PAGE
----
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What we learned about working in partnership: an article from the Healthy Kids Resource Centre

I Background
II Development of the partnership
III Key Outcomes of the HKRC
IV Key Learnings

Submitted by the Healthy Kids Resource Centre

I Background

The Healthy Kids Resource Centre (HKRC) is a collaboration formed at the request of the Ministry of Health and Long Term Care (MOHLTC) to support the implementation of the Healthy Kids Community Challenge.

Established in 2014 as an initiative of the MOHLTC, the Healthy Kids Community Challenge (HKCC) is based on the internationally recognized EPODE program.  Forty-five Ontario communities deliver programs and activities that support healthy eating and physical activity. Each community works with local partners to plan and deliver community initiatives on a specific theme, which changes every 9 months. The HKCC is funded until September 2018.

The mandate of the HKRC is to support the communities participating in the HKCC. The four members of the HKRC are:

Methodology

With the funding for Ontario’s health promotion resource centres coming to a close, the HKRC wanted to share what we have learned as a result of working in partnership to support HKCC communities. We conducted an evaluation to document our “story”, which examined the developmental, process and outcome aspects of the HKRC. We chose a mixed methods approach, with the emphasis on qualitative data from semi-structured interviews and focus groups. Statistics on services requested and offered as well as a document review provided additional context.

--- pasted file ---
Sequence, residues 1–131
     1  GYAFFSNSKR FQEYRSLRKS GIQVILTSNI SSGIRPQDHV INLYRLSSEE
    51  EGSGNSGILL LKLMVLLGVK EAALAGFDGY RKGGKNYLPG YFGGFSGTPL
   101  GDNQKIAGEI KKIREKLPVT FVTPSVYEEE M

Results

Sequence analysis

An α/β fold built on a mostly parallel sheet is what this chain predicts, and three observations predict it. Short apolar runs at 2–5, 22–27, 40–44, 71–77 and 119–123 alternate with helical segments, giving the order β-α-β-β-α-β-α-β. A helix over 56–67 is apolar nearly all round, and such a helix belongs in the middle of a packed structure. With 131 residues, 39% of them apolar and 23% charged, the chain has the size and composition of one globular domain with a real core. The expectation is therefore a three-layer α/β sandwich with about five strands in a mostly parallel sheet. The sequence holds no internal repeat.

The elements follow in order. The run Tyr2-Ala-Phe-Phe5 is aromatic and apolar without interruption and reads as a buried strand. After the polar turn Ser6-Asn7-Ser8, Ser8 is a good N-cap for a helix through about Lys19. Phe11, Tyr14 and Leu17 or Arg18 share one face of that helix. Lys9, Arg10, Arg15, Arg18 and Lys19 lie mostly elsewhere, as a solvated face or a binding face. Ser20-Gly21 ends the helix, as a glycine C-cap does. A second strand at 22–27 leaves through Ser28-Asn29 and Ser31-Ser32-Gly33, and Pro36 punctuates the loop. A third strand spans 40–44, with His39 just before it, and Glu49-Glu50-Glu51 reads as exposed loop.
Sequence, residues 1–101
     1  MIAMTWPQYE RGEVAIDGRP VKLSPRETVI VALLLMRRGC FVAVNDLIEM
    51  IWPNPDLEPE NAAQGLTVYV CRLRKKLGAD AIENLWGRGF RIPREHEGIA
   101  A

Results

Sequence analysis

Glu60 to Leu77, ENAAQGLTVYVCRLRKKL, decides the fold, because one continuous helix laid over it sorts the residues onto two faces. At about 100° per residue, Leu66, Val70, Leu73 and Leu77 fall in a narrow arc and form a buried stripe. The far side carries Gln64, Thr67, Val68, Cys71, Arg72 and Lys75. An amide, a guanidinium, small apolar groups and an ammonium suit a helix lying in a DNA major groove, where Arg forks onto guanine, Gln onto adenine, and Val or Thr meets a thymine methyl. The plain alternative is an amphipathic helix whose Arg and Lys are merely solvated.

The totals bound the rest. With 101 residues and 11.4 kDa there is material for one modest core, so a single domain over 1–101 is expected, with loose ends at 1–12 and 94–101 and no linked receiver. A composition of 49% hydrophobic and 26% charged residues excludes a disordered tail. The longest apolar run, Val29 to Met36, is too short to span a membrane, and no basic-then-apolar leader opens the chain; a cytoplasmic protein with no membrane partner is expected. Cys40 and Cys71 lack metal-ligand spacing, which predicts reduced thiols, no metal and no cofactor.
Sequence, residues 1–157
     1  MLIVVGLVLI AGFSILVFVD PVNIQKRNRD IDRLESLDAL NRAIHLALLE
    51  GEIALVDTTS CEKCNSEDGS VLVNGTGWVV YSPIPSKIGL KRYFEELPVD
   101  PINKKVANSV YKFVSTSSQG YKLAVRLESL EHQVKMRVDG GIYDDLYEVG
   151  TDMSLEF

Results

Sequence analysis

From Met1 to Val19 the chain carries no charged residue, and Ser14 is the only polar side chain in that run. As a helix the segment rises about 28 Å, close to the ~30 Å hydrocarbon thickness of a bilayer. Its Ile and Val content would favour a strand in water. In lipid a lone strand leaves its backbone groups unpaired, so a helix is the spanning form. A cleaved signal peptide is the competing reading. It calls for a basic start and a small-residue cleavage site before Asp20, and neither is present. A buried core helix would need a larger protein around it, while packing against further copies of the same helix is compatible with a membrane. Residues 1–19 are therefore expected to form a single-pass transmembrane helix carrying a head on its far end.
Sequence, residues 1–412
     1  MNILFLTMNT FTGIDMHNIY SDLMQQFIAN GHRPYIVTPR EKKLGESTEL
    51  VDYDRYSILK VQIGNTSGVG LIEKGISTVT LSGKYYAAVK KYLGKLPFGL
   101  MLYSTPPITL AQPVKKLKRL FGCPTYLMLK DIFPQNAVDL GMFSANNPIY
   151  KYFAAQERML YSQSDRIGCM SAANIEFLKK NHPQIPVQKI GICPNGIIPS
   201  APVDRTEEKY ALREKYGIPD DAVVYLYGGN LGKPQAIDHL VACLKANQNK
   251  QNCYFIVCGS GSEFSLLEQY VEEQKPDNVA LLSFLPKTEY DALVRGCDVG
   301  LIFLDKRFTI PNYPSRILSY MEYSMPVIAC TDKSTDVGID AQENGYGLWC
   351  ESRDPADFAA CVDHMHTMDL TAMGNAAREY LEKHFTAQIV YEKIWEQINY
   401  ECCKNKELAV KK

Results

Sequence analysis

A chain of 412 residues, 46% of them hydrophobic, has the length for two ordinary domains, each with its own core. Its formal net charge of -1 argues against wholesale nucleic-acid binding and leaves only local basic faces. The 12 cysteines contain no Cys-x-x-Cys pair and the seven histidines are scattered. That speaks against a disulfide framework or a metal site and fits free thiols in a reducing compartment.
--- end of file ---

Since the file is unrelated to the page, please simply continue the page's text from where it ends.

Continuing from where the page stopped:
II Development of the partnership

Our partnership began one year before the launch of the HKRC, while the program was still in the development phase. We strove to balance the need to plan our partnership and our activities with the need to be nimble and flexible, as the exact shape of the program and the nature of the need from communities was not known.

Each member resource centre is experienced in working in partnership. This gave us a solid base of knowledge of what it takes to work collaboratively. Additionally, “partnership” is one of the four core pillars of the EPODE model. We recognized that partnership building takes time and effort, and that investing in developing our partnership would pay dividends in the work we would do together.

Partnership model and leadership structure

There are a wide variety of partnership models described in the literature. The collaboration continuum commonly describes five levels:

Partnership levels

As groups move towards to right of the continuum, there is an increase in commitment, intensity of workload, and the necessity for trust relationships. The HKRC chose to work at the “collaboration” level, as outlined by Winer and Ray[1]:

Cooperation

Coordination

Collaboration

lower intensity <---------------------------> higher intensity

Shorter-term, informal relationships

Shared information only

Separate goals, resources, and structures

Longer-term effort around a project or task

Some planning and division of roles

Some shared resources, rewards, and risks

More durable and pervasive relationships

New structure with commitment to common goals

All partners contribute resources and share rewards and leadership